Dr. Scotti: I would just like to add an explanation from the clinical point of view. The results from surgical studies show that most patients have better overall survival when they stop smoking because they have fewer complications after surgery. On the contrary, for smokers with advanced disease, we now have some evidence that immunotherapy is most effective. However, further studies are needed to address this segment of patients and investigate the role of smoking cessation in patients who are candidates for immunotherapy. Until then, we are learning about the positive effects on survival with immunotherapy even after surgery in patients who smoke.
Educating Patients on the Risks of Smoking After Diagnosis
Studies show that many lung cancer survivors continue to smoke after their diagnosis. Please talk about the health risks in continuing to smoke after a lung cancer diagnosis, and how oncologists can help educate their patients about the benefits of not smoking?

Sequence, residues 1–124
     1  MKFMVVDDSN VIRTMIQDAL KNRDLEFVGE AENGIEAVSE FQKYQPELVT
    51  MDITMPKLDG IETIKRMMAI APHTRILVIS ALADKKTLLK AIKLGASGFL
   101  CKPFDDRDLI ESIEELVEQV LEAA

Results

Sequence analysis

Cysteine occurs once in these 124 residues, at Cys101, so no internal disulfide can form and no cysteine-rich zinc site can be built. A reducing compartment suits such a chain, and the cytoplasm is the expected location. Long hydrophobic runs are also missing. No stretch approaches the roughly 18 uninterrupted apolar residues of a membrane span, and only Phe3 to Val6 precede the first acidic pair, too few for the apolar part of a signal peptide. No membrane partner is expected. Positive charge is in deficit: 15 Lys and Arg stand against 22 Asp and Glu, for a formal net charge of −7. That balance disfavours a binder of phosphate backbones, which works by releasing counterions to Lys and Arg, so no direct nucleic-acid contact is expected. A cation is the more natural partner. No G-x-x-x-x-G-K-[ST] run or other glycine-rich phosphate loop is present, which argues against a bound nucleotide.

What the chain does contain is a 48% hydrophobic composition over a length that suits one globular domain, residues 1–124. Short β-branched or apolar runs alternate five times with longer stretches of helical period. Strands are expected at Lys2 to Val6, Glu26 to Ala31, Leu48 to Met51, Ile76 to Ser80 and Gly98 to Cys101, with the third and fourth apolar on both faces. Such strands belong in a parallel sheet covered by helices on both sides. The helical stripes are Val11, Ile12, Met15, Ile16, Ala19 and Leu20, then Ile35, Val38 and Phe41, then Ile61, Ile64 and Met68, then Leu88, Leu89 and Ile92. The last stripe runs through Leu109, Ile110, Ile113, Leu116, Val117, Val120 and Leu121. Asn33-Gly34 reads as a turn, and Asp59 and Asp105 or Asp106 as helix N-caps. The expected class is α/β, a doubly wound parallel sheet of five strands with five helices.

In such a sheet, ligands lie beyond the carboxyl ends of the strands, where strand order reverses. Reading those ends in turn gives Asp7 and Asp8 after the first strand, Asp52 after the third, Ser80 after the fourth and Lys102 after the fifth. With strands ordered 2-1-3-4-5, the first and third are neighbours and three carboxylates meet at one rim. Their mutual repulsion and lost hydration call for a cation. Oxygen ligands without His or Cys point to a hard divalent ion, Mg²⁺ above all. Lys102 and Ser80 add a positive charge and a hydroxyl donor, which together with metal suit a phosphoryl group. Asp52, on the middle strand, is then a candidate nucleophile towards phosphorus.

Dr. Caini: Unfortunately, for most patients with advanced lung cancer, the prognosis is not good. We must make patients and physicians more aware of the risks involved when patients do not quit smoking. We also need to communicate that message better to patients. Our study suggests that physicians should educate patients with lung cancer about the benefits of smoking cessation, even after a diagnosis, and provide them with the necessary smoking cessation support.
Dr. Scotti: From the clinical point of view, it is important for physicians to keep in mind how critical smoking cessation is for patients. Surgeons are very convinced this is true. We must do more to make oncologists aware of this issue.